The press conference was a bomb, detonated right then and there, scorching the faces of every political reporter at Parliament. In the press conference, Jami-Lee called Simon Bridges “corrupt” and said he’d broken the law. He said that Bridges had falsified sexual harassment allegations against him in an attempt for him to step down from parliament, and he said that leader Simon Bridges was not fit for public office, let alone leading National. He topped it all off by saying he officially quits from the National Party and Parliament, which forces a by-election in his Auckland electorate of Botany. He said he’d stand in the by-election, which he called “a referendum on Simon Bridges’ leadership”. It was seriously explosive. He left the press conference, telling members of the media he had secret recordings of Simon Bridges admitting to the allegation of filing a false electoral return, and said he would be laying an official police complaint against Simon Bridges. Simon Bridges was still in his caucus meeting at this point, and he was expected to hold a press conference directly after. He promised to release a recording of a phone conversation between him and Bridges the next day, after he had given it to the police.
Simon emerged thirty minutes later, announcing that the caucus had unanimously voted to expel Jami-Lee from the party. That didn’t matter – Jami-Lee had already quit. Simon once again said that Jami-Lee had no evidence to back up his claims, and denied any wrong-doing whatsoever. He exclaimed he had the full support of his caucus, and would remain National Party leader, despite the media blowing hot air claiming he would step down. Once again – the ball was back in Ross’ court. Did he or did he not have dirt on Simon?
Wednesday proved to be an important day in the political boxing match between Jami-Lee Ross and Simon Bridges, with strong punches being thrown from both directions. Ross decided to take the secret recording of Bridges, and other evidence proving he had tried to commit electoral fraud, to the Wellington Police. The media swarmed outside of the police station, hurriedly writing questions to ask Ross when he returned from his meeting with the police. As it turns out, Ross was in the police station for over two hours, and when he came out, promised the public that he would release a recording of a phone call between Bridges and himself as evidence, and ensured there was more to be leaked along the way. Former MP Jami-Lee Ross told the New Zealand public on Wednesday that the police would look into his complaint and the evidence against Bridges.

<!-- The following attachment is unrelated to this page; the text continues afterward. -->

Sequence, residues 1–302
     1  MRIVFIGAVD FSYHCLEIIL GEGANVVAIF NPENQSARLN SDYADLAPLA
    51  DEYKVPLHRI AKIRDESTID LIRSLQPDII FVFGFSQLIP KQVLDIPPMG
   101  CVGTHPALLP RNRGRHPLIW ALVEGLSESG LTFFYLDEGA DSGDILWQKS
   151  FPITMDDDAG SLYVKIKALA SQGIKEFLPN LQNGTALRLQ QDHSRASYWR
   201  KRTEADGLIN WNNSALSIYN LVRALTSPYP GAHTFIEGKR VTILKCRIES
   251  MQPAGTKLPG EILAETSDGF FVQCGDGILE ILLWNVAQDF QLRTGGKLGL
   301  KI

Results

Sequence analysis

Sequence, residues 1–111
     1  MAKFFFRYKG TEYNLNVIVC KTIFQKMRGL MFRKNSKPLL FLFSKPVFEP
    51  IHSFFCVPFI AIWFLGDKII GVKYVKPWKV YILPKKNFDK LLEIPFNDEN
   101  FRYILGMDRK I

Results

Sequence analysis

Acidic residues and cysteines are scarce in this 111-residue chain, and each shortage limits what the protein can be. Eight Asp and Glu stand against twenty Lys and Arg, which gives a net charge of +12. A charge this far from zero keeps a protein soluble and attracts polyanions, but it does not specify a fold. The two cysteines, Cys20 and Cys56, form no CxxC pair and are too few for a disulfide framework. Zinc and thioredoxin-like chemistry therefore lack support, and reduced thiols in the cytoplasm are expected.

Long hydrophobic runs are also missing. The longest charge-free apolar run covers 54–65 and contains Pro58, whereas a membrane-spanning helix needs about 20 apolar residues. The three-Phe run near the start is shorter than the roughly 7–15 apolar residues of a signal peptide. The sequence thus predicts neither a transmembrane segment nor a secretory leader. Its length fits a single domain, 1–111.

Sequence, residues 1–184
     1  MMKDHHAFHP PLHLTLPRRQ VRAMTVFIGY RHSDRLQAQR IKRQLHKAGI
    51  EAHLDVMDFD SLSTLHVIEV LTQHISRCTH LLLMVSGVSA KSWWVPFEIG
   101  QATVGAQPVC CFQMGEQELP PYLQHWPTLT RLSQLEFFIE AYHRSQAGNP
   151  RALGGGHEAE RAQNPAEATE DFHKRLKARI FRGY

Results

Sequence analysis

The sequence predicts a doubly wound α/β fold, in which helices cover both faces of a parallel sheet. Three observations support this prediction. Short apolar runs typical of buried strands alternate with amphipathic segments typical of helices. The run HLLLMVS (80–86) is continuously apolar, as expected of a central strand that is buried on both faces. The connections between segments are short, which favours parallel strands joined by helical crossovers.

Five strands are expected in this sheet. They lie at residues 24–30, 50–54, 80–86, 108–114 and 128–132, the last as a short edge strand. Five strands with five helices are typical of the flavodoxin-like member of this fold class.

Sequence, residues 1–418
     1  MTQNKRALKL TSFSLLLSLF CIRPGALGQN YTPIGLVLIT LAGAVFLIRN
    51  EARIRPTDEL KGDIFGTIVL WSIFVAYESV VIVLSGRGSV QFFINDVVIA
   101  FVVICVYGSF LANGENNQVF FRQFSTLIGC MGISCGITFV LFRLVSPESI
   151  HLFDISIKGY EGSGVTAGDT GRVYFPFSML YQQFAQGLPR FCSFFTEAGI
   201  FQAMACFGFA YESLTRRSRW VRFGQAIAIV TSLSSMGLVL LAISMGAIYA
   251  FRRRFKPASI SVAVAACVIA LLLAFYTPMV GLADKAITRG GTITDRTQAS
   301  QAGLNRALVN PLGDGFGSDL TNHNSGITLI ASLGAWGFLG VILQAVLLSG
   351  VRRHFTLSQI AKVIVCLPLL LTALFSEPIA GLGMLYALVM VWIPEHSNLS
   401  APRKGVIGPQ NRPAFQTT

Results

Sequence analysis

Becoming “trending” on Twitter is seemingly a daily routine for some better-known politicians, but Wednesday proved to be Jami-Lee Ross’ moment in the spotlight as the New Zealand public kept a keen eye on his social media accounts for news about the recordings and other evidence he promised. Being a man of his word, Ross released the recordings of a phone call between National Party leader Simon Bridges, which was interesting, to say the least.
The phone call, released on Ross’ Facebook and Twitter accounts and shared by social media users thousands of times, showed how the National Leader acted when (he thought) no one was watching. In the recording, Bridges spoke of National MPs who “don’t really need to hang around” including Christchurch based MP Nicky Wagner, former Speaker of the House David Carter, and former Attorney-General Chris Finlayson. By far the worst comment about National MPs who should leave the house to make space for other candidates was about West Coast list MP Maureen Pugh, who the National Leader called “f**king useless.” Apart from that, the recording didn’t actually hold any substance and didn’t show Simon Bridges had broken any electoral law, something which Jami-Lee Ross said it did.
Pugh stood by the National Leader, but said she was “obviously disappointed” to hear what Simon had to say about her. In a tweet around 7:30 PM on Wednesday, she said: “Simon has apologised and I have accepted that.” In interviews with the media, National MPs have stood by their leader, saying that the comments he made were inappropriate, but that he was hard-working and determined.